When we play that one live, I’ll sometimes get goosebumps because the crowd will be singing it back to me. It makes me feel like this hard path I’ve chosen was worth it, and maybe I’ll leave something behind that will outlast me.



Let’s go with “Grotesque Modern Art” from our second album Programmed to Consume (2008).

 Spill onto canvas. Gruesome art stirs the consciousness.

A last exhibit; a masterpiece of mortal flesh.

I’m falling down. My last breath is leaving now.

I die, wanting to show my truth.

Poison leaves my eyes.

A work in progress in the gallery laid to rest.

I’m bought and sold. An ornament in their control.

Never wanted acceptance. So turn away in ignorance.

My death is art and suffering is tortured bliss

The Body Worlds exhibit was big at the time. If you aren’t familiar with what that is, that’s an exhibit that uses real preserved human bodies posed in various activities. There was even some controversy at one point about the corpses possibly being Chinese political prisoners, but I don’t know if that was ever confirmed.

I had lost my job after doing my first major U.S. tour and the tortured artist idea of suffering for your art was hitting close to home, so the lyrics were basically about an artist using their suicide as a work of art, to be hung in a gallery somehow.

The line “I die, wanting to show my truth,” came about while I was unemployed and trying to find a means of income that would let me tour.

I actually signed up for a course of voice-over work where they kept using this term “bring your truth” into what you’re saying.

It’s basically an acting thing. Like, bring a little bit of your life experience into what you’re reading.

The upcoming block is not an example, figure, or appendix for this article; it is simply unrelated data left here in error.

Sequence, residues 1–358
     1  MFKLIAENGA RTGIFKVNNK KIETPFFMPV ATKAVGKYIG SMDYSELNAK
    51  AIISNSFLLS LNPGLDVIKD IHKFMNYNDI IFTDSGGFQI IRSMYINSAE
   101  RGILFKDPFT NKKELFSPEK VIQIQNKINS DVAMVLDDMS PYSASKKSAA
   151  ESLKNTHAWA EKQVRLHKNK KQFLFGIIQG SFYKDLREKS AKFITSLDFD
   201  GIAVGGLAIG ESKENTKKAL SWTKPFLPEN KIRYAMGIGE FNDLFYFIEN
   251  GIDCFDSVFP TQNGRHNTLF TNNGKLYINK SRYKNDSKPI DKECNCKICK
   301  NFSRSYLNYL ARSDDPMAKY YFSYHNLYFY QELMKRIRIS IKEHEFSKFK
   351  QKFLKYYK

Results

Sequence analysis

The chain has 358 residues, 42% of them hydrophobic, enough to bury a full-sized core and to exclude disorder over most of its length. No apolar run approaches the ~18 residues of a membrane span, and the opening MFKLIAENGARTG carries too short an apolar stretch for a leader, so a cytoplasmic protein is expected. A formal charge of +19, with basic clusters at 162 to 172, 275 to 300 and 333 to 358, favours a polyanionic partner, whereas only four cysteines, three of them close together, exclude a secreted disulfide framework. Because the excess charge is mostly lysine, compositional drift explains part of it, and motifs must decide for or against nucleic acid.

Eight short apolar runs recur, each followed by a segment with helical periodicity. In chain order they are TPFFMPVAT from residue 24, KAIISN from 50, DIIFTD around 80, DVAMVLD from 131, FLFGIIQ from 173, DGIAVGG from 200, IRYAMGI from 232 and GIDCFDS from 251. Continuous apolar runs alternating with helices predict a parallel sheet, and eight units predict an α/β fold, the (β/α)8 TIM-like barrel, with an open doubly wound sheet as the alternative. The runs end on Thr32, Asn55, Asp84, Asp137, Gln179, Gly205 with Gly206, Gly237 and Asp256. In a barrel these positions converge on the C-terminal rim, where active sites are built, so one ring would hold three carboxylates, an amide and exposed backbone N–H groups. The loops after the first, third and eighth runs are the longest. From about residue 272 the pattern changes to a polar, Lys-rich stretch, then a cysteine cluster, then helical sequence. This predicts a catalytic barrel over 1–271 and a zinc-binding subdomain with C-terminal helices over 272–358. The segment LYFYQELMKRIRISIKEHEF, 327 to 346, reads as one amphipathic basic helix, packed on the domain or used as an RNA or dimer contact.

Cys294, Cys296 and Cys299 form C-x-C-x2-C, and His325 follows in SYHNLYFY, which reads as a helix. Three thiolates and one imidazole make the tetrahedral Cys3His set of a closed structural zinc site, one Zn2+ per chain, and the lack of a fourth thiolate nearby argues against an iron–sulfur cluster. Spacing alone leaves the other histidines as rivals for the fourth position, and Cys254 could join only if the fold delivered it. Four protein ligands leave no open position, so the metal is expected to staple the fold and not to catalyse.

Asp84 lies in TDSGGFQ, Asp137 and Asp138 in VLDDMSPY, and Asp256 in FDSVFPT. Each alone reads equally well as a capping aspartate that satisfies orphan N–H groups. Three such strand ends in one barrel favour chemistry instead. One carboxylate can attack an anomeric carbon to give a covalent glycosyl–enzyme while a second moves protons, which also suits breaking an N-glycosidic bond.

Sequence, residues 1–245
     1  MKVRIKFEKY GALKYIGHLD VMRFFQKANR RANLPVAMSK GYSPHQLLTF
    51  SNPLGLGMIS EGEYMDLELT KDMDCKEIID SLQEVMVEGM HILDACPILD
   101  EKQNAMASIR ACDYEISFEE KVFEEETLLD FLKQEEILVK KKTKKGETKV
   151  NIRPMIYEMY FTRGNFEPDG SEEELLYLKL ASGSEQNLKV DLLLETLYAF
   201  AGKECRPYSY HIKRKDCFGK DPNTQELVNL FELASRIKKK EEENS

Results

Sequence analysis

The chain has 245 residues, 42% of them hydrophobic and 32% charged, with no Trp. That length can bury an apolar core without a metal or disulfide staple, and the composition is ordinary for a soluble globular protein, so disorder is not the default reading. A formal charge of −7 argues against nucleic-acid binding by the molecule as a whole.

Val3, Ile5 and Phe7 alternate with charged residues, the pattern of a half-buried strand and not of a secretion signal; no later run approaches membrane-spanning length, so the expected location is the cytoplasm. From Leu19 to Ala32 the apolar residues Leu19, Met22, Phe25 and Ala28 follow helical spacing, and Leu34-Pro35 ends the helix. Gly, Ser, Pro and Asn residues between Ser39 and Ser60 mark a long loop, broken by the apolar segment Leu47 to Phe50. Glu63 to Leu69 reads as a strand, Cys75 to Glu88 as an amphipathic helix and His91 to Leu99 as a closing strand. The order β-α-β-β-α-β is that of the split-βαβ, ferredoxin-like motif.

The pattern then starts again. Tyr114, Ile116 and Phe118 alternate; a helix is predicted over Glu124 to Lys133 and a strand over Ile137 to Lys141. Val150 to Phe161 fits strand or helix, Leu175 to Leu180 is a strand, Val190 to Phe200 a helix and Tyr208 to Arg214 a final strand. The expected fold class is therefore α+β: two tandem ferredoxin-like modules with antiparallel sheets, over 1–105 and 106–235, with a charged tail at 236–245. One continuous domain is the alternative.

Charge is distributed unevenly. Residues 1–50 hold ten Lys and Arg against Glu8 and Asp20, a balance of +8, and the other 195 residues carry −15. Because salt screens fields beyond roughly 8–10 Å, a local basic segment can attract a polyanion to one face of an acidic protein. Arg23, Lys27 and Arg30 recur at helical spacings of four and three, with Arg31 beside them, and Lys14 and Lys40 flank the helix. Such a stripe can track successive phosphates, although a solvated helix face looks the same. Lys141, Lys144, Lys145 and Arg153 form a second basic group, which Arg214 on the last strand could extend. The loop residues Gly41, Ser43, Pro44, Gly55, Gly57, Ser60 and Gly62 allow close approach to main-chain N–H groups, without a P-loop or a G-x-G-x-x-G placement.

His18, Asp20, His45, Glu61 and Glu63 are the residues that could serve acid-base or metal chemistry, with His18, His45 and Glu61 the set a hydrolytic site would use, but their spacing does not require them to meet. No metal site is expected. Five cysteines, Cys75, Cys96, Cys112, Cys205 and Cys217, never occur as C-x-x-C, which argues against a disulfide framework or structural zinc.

I quickly learned I’m no actor and abandoned that idea almost immediately though.



Let’s do “Hedonistic” for that one.

Crawling, scratching, chasing a hedonistic vicious lie.

Burning, yearning, seeking purpose to numb the pain of life.

Cultivate a life of wanting. Acclimate to senseless pride.

Want to believe in something. Dreams left behind.

Slowly wilting, fading. Now choose to live before you die

It’s basically a criticism of existing for the pursuit of material possessions and wanting those to somehow make you happy.

To seek purpose, with purpose, creates a sense of fulfillment that brings happiness.

I feel like every time I’ve strayed from that even a bit, it’s ended up biting me in the ass and making me miserable somehow.

I guess it just reflects that I could benefit from learning from my mistakes, just like humanity in general.



Check out our new album Phylogenesis, out now on Season of Mist.

We put a lot of hard work into it, so please consider picking up a copy, streaming it, buying a t-shirt, or just spreading the word about Abysmal Dawn (and any other of your favorite artists) during this tough time.

We hope to see you all on tour again when this is all over!



  1. The lyrics in In Service of Time are great, but even greater are how they’re vocalized. I find that there are some songs that are made to sing along to. This holds true even for songs in foreign languages I don’t understand (for instance Swarrrm’s Song for Love).

  2. Great Death Metal! Just technical enough AND groovy enough.

  3. I always sing those lyrics to “In Service of Time” too. I love all their albums. One of my go-to death metal bands for years.

    Incidentally, i used the song “In Service of Time” to try and convert a non-metal friend. It was partially successful.

  4. Also, I always wondered: who and what is that german-sounding guy in the beginning of the first song on Programmed to Consume. Anyone know?